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Pure Catenaccio is rarely used in modern football tactics. Two major characteristics of this style – the man-to-man marking and the libero ("free") position – are very rarely employed. Highly defensive structures with little attacking intent are often arbitrarily labelled as Catenaccio, but this deviates from the original design of the system.
Catenaccio is often thought by news media to be commonplace in Italian football; but is now used infrequently by Italian Serie A teams, who instead prefer to apply balanced tactics and formations, mostly 5–3–2 or 3–5–2, The Italian national football team with manager Cesare Prandelli also used the 3-5-2 in their first clashes of UEFA Euro 2012 Group C and then switched to their 'standard' 4–4–2 formation UEFA Euro 2012 final. Italy's previous coaches, Cesare Maldini and Giovanni Trapattoni, used the Catenaccio at international level, and both failed to reach the top. Italy, under Maldini, lost on penalties at the 1998 FIFA World Cup quarter-finals, while Trapattoni lost early in the second round at 2002 FIFA World Cup and lost at the UEFA Euro 2004 during the first round.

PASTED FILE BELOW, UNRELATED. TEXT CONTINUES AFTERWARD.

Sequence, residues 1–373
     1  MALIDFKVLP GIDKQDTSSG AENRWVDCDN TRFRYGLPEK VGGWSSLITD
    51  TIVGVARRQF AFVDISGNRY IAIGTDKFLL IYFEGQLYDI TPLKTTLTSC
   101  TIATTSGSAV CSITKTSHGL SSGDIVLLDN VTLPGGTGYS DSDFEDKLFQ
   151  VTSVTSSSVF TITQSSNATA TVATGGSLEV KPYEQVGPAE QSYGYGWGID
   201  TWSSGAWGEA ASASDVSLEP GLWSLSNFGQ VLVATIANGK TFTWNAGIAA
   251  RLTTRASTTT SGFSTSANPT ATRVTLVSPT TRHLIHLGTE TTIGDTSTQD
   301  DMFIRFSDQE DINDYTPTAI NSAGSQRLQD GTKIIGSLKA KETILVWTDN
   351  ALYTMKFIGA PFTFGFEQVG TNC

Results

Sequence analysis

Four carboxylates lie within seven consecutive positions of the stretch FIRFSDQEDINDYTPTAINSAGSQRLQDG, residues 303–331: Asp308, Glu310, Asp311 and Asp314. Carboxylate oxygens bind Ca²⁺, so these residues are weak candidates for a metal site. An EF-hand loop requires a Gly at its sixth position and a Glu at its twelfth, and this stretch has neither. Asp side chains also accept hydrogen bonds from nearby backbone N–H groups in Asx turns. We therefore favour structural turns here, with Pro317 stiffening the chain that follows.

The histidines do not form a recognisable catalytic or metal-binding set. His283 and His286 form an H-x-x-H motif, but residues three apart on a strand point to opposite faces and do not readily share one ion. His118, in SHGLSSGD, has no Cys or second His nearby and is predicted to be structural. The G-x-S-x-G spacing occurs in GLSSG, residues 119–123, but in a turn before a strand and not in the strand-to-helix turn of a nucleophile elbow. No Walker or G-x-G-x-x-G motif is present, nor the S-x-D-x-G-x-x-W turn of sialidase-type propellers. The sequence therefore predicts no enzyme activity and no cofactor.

However, Catenaccio has also had its share of success stories. Trapattoni himself successfully employed it in securing a Portuguese Liga title with Benfica in 2005. German coach Otto Rehhagel also used a similarly defensive approach for his Greece side in UEFA Euro 2004, going on to surprisingly win the tournament despite Greece being considered as underdogs prior to the tournament. Dino Zoff also put Catenaccio to good use for Italy, securing a place in the UEFA Euro 2000 final, which Italy only lost on the golden goal rule to France. Likewise, Azeglio Vicini led Italy to the 1990 FIFA World Cup semifinal thanks to small wins in six hard-fought defensive games in which Italy produced little but risked even less, totaling only 7 goals for and none against. Italy would then lose a tight semifinal to Argentina, due in no small part to a similar strategy from Carlos Bilardo, who then went on to lose the final to a much more offensive-minded Germany led by Franz Beckenbauer.
Similarly, when Italy was reduced to 10 men in the 50th minute of the 2006 FIFA World Cup 2nd round match against Australia, coach Marcello Lippi changed the Italian's formation to a defensive orientation which caused the British newspaper The Guardian to note that "the timidity of Italy's approach had made it seem that Helenio Herrera, the high priest of Catenaccio, had taken possession of the soul of Marcello Lippi." It should be noted, however, that the ten-man team was playing with a 4–3–2 scheme, just a midfielder away from the regular 4–4–2.